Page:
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Helen Jones: To ask the Secretary of State for Health how many NHS trusts have an advocacy scheme for users of mental health services; and what proportion of trusts this figure represents. 
Jacqui Smith [holding answer 29 October 2001]: Very few national health service trusts actually provide advocacy services as it is widely recognised that advocacy services should be independent of provider services.
The Department has commissioned a mental health service mapping exercise from Durham University which will provide an up-to-date picture of where mental health service users have access to an advocacy service. This exercise is expected to report later this year.
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Mr. Heald: To ask the Secretary of State for Health by how much the NHS underspent on mental health in 200001. 
Jacqui Smith: There are no expenditure targets relating to mental health, therefore there cannot be any underspend. The national health service does have service targets and in 200001 these were met.
Mr. Heald: To ask the Secretary of State for Health what assessment he has made of clinical outcomes in mental health in the UK in comparison to other EU countries. 
Jacqui Smith [holding answer 12 November 2001]: Currently there is no assessment of clinical outcomes in mental health in the United Kingdom in comparison to other European Union countries. However, there are currently two important initiatives under way that involve the measurement of clinical outcomes for individuals in receipt of mental health services in the UK that will enable comparisons with other EU countries.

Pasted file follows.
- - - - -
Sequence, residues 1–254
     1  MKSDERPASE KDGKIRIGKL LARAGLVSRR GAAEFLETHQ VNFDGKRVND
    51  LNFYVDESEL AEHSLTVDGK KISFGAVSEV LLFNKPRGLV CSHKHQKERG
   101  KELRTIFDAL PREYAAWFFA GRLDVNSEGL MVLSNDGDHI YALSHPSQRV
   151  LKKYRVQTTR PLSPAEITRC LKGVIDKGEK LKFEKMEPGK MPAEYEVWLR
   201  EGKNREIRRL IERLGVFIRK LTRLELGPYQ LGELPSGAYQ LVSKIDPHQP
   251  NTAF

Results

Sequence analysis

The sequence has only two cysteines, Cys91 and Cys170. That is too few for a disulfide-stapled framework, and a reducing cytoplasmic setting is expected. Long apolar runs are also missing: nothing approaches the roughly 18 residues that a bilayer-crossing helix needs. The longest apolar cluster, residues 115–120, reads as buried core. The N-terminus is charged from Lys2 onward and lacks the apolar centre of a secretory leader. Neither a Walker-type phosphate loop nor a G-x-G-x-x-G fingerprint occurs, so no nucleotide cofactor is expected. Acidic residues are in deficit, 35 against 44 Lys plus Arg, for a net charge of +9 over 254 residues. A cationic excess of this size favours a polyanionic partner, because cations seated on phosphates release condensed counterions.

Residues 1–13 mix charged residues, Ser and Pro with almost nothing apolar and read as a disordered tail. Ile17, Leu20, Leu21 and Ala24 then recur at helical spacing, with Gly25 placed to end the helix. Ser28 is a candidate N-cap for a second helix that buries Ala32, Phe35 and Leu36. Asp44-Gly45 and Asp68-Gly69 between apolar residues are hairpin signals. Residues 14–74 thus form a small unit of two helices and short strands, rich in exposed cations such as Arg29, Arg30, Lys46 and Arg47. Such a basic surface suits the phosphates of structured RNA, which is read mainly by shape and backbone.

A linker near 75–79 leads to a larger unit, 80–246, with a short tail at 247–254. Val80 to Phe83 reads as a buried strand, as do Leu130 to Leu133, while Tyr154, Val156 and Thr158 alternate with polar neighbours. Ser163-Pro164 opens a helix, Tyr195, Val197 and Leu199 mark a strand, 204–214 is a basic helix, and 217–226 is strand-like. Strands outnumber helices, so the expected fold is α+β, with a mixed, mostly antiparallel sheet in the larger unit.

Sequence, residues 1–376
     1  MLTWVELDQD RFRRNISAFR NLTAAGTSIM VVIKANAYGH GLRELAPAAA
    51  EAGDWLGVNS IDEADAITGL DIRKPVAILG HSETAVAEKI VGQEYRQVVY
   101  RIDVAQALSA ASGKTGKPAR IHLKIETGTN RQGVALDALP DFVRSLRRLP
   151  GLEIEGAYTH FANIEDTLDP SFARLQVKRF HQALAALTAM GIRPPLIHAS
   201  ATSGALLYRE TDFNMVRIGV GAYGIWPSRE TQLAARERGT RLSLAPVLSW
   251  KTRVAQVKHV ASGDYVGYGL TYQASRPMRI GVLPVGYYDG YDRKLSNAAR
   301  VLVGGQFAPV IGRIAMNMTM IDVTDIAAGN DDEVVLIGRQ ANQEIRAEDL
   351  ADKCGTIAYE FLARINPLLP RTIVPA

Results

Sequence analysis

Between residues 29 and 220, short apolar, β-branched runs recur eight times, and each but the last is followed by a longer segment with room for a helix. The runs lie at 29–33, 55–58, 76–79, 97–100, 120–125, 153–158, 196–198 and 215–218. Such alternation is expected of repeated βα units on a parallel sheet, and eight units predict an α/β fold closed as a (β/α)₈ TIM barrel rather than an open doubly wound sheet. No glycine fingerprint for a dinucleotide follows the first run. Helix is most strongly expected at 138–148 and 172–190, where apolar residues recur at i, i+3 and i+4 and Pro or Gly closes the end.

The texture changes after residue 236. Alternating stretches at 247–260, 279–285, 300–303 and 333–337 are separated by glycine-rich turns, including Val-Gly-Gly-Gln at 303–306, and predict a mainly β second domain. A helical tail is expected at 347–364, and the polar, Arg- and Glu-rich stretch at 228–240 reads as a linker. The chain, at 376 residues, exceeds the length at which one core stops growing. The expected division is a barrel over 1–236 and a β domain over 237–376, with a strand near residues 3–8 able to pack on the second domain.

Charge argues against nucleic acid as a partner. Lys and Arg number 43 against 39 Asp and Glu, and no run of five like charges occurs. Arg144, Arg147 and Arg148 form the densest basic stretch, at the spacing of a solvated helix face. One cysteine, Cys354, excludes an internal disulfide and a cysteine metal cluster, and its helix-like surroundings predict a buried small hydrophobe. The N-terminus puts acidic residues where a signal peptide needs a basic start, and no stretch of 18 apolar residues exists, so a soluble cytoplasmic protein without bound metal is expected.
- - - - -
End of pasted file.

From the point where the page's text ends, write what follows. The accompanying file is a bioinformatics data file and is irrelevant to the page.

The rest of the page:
One is the outcome measurement implementation programme headed by the national director for mental health, Professor Louis Appleby, who has established an expert group of the leading experts in the field of outcome measurement in the UK. They are advising on and overseeing the selection and the pilot implementation of instrumentation for the routine measurement of outcomes for individuals in terms of mortality, morbidity, quality of life and user and carer satisfaction with services. The evidence base for this approach is substantial and drawn from extensive research conducted in the United States of America, Europe and Australia over many years.
The other initiative is the establishment of the new National Institute for Mental Health for England (NIMH(E)) which I announced in July. NIMH(E) will be the key vehicle, which supports implementation of national mental health policy in England. It will work with all agencies and interests to develop a co-ordinated programme of research, service development, workforce development and support. NIMH(E) will also generate links with organisations responsible for mental health services in other countries. This will offer the opportunity for comparison of services and clinical outcomes, and the promotion of best practice. A consultation document on NIMH(E) was launched on 6 November.
Mr. Heald: To ask the Secretary of State for Health whether he supports closer partnership working between statutory services and the Churches in the field of mental health; and if he will make a statement. 
Jacqui Smith [holding answer 12 November 2001]: The National Service Framework for Mental Health encourages health and social services to work with individuals and communities to promote mental health. As an integral part of many communities, religious centres and leaders can assist in combating discrimination and social exclusion associated with mental health problems.
Mr. Heald: To ask the Secretary of State for Health what implications the EU working-time directive has for the staffing of acute mental health wards; and if he will make a statement.